In critically ill patients there are several reasons for an inadequate pharmacokinetic–pharmacodynamic (PK/PD) ratio leading to insufficient antibiotic concentration to inhibit causative pathogens at the site of infection10,11. Plasma clearance of antimicrobials may be increased in critically ill patients as a result of enhanced renal excretion (burn patients, sepsis, inotropic drugs), changes in renal clearance or glomerular hyperfiltration, increased drug metabolism induced by concomitant administration of other drugs or increased drug extraction by the use of different extrarenal depuration techniques12. Hydrophilic drugs such as β-lactams experience the higher pharmacokinetic changes. In fact, β-lactams generally demonstrate a low volume of distribution and, in the critical care setting, strategies such as loading doses and extended or continuous infusions are used to achieve PK/PD targets that are not possible with conventional dosing strategies13. In these patients a timed urinary creatinine clearance (e.g. collection over 8 h) seems to be the most useful measure of renal function and is useful to guide antimicrobial dosage14.
In conclusion, a better understanding of PK/PD relationships and intrinsic PD characteristics of drugs (e.g. lipophilic vs hydrophilic), as well as modifying antibiotic dosage and selecting the proper agent on the basis of the site of infection are determinants of outcome.
Until now, only a few studies have evaluated the impact of antimicrobial stewardship in ICU patients. A recent study conducted in a medical ICU in North Carolina evaluated an intervention period when an infectious disease specialist discussed antimicrobial use with the ICU team. The authors found significant reductions in extended-spectrum penicillin, carbapenem, vancomycin and metronidazole consumption and an increase in the use of narrow-spectrum penicillins after the intervention. Moreover, use was registered. There also was a reduction in mechanical ventilation days, length of stay and hospital mortality, thus demonstrating a clinical impact15. Another study conducted in Canada evaluated the effect of introducing an antimicrobial stewardship program (ASP) in a medical-surgical ICU16. The authors found a significant increase in the treatment of sterile-site cultures after ASP and a reduction in inappropriate treatment of non-sterile-site cultures. Moreover, an overall reduction in cost and mean defined daily doses were observed.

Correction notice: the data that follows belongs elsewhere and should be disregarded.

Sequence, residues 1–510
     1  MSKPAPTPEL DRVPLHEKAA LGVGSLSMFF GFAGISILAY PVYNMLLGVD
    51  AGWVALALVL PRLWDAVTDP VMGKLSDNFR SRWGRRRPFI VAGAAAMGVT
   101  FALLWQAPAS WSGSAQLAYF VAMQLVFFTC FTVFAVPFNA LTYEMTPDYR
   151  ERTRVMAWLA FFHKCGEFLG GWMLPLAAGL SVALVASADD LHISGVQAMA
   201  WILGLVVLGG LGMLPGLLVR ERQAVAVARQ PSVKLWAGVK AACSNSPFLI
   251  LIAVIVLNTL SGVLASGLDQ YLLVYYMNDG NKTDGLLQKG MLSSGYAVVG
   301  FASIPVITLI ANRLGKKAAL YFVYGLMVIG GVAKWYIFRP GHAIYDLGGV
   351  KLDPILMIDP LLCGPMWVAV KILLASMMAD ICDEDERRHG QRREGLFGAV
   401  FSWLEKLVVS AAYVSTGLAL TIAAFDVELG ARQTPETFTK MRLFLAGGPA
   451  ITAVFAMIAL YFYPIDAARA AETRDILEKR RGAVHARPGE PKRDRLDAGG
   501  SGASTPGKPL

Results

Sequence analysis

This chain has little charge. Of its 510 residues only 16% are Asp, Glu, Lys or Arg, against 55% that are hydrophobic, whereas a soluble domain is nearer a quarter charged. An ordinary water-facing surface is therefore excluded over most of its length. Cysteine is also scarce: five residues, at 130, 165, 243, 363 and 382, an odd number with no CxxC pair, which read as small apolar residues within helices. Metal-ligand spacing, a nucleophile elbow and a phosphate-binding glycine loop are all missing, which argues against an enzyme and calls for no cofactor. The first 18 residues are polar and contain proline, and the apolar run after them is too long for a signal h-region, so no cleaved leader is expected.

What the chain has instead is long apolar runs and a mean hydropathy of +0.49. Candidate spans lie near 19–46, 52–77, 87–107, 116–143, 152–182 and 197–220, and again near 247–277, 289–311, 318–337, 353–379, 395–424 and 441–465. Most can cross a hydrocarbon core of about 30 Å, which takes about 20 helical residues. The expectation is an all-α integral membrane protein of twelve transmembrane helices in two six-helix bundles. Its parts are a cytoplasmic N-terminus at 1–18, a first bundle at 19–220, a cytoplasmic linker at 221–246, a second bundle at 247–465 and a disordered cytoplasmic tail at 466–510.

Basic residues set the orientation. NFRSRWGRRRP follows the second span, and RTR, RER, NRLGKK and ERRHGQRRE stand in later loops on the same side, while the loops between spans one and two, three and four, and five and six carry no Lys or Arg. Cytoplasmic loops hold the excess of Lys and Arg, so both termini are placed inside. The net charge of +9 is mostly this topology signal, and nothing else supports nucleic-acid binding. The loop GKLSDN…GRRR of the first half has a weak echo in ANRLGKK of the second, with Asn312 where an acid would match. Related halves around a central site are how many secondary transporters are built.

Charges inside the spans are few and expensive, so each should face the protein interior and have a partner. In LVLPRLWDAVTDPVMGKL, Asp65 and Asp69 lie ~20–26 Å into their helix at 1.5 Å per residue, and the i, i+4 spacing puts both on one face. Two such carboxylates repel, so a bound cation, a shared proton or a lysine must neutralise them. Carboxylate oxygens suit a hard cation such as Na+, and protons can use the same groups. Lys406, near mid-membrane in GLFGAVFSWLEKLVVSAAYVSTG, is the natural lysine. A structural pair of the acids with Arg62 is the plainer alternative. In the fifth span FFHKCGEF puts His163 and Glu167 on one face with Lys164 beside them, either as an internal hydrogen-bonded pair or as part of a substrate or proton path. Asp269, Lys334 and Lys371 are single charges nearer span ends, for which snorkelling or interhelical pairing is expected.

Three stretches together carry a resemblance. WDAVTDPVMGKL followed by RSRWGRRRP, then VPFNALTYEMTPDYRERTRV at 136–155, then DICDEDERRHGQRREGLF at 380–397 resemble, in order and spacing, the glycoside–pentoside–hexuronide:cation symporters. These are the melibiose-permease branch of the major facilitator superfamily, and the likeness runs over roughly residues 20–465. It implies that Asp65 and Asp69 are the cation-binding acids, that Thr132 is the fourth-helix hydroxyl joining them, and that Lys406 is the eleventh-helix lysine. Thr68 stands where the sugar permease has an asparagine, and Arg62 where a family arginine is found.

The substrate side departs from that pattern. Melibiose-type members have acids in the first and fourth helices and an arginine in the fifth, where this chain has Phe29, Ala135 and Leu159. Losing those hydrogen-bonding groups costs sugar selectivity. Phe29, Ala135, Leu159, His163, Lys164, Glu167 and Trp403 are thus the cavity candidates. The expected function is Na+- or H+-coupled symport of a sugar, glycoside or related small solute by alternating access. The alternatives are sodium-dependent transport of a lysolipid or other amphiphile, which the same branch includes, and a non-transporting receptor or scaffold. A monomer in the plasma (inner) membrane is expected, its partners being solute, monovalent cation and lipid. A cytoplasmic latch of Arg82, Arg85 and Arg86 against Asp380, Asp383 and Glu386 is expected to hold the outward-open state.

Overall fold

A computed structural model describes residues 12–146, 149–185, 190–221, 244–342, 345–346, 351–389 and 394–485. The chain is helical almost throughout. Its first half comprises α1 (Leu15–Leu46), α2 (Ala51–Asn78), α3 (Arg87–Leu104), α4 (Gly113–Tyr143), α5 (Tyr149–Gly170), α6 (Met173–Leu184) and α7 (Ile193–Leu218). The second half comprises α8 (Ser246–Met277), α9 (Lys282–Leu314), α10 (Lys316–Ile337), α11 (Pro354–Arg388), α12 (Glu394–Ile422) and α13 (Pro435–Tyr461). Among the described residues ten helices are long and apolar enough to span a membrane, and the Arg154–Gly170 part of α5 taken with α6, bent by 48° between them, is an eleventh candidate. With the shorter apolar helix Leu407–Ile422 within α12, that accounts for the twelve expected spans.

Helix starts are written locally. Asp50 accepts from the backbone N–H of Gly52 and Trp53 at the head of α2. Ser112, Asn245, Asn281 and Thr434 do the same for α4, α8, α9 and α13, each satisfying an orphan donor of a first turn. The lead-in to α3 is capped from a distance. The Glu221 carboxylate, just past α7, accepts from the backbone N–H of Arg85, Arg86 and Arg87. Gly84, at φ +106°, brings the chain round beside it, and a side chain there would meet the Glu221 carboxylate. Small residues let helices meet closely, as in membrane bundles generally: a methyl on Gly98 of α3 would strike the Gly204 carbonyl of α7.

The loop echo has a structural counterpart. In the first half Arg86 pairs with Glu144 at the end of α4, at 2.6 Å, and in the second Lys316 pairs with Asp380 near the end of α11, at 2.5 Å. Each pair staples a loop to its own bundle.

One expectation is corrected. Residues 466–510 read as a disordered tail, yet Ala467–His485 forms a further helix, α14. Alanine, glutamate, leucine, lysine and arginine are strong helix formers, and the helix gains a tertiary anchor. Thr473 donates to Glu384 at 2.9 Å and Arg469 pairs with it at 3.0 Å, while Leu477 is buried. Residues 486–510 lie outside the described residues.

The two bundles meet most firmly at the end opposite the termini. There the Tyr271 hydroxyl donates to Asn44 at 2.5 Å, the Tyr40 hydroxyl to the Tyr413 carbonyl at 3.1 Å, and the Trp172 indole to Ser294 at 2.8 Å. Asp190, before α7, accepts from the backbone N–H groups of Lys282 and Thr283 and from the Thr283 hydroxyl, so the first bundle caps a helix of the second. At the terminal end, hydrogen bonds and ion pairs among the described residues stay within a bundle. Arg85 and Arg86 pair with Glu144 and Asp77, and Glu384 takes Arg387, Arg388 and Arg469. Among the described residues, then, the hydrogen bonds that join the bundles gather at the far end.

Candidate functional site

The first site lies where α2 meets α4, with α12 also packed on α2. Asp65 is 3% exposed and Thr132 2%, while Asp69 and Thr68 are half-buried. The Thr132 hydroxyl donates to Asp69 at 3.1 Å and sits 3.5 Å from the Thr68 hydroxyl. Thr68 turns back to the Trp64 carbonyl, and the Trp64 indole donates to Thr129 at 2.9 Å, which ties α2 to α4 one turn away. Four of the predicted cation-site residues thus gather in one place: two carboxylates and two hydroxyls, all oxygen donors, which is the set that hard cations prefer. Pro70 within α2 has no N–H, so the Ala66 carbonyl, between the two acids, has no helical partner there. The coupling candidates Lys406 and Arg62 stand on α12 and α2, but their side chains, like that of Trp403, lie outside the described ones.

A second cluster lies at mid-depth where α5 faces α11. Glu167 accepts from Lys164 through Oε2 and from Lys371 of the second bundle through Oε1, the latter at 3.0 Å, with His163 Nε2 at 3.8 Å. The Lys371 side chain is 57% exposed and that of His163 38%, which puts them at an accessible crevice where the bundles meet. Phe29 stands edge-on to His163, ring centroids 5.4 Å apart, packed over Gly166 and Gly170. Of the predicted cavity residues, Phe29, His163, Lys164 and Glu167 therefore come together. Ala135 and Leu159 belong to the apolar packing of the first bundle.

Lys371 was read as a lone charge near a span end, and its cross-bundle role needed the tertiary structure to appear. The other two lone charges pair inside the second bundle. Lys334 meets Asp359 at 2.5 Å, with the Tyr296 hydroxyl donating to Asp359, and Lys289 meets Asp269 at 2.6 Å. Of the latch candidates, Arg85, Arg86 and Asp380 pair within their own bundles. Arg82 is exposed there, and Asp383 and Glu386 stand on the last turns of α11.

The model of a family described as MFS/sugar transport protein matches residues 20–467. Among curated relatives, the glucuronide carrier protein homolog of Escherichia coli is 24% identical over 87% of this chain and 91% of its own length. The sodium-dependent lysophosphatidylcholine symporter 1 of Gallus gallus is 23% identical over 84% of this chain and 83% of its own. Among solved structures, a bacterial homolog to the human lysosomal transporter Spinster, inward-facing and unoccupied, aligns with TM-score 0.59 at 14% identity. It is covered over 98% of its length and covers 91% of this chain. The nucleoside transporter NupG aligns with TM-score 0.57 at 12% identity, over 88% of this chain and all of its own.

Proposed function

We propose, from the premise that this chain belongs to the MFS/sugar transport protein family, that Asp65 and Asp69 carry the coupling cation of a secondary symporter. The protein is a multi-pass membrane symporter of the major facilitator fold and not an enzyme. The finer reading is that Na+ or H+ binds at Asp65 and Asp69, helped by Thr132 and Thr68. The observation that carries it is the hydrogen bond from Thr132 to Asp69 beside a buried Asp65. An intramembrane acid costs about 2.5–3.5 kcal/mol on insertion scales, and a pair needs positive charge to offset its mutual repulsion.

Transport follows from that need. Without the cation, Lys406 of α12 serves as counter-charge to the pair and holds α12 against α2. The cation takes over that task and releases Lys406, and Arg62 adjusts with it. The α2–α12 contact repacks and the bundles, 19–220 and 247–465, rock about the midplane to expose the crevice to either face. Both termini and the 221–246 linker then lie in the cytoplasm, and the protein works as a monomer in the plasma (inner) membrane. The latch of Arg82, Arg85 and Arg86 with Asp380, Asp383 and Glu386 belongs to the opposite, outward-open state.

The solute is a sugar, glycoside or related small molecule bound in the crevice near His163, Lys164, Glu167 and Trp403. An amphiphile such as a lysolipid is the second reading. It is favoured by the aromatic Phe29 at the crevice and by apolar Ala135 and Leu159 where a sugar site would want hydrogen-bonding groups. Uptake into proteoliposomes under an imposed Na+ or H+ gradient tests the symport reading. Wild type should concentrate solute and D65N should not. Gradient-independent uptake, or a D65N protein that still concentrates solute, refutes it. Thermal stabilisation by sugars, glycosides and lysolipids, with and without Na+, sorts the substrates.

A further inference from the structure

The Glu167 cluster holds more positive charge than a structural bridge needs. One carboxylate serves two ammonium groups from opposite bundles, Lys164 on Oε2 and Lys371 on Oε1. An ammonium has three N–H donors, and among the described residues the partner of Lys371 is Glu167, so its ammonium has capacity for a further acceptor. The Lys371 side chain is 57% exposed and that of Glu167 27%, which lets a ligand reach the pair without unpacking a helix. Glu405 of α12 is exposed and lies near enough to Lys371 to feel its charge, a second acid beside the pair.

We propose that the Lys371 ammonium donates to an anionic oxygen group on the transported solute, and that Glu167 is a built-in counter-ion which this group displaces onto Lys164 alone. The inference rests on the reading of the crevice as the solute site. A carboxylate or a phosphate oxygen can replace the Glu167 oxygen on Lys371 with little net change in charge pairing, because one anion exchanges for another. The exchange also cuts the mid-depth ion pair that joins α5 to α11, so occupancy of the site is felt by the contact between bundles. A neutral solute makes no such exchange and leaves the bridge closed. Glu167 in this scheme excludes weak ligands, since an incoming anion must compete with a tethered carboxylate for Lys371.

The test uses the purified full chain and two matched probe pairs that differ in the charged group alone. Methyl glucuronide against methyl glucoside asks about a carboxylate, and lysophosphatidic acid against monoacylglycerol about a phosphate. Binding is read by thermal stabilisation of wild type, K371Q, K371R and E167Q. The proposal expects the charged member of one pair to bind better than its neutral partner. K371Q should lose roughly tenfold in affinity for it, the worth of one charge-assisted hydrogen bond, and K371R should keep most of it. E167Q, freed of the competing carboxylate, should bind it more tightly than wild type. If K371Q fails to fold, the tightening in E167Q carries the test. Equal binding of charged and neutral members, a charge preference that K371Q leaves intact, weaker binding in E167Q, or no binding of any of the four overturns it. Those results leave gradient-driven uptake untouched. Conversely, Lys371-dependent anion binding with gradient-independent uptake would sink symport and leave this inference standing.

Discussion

Another recent prospective study in the ICU of a public hospital in Atlanta on critically ill adults receiving empiric imipenem or piperacillin-tazobactam compared three periods: the first was baseline; the second with partial participation of an infectious diseases physician; and the third with a direct participation in interdisciplinary rounds with the medical ICU team. Almost 700 patients were evaluated and the results showed that the second and third periods were associated with appropriate antimicrobial selection and with lower rates of resistance17.
These results demonstrate that active communication with an infectious disease practitioner significantly reduces ICU antibiotic overuse through early modification or cessation of antibiotics with no increase in mortality. Moreover, the introduction of an ASP in the ICU is associated with improved microbiologically targeted therapy based on sterile-site cultures and improved documentation of antimicrobial use in the medical record. Audit and feedback had an influence on antimicrobial prescription patterns in the ICU with a favorable impact in the emergence of resistance.
Antimicrobial stewardship should be multidisciplinary, taking advantage of expertise from intensivists, infectious disease specialists, microbiologists and pharmacists. Infection control and antimicrobial stewardship represent the last attempt to ‘defend the fort’ while waiting for new antimicrobials and innovative strategies of international surveillance and antimicrobial policy.
Dr Stefano Di Bella is an Infectious Diseases registrar attending the National Institute for Infectious Diseases ‘Lazzaro Spallanzani’ in Rome, Italy. His research interests are emerging bacterial infections and multidrug-resistant bacterial infections in critically ill patients.
Professor Nicola Petrosillo is Director of an Infectious Diseases Division at the National Institute for Infectious Diseases ‘Lazzaro Spallanzani’ of Rome, Italy. He is President of the Italian Society for Healthcare-associated Infections (GIMPIOS). His research interests are healthcare-associated infections, including ICU and transplant-related infections.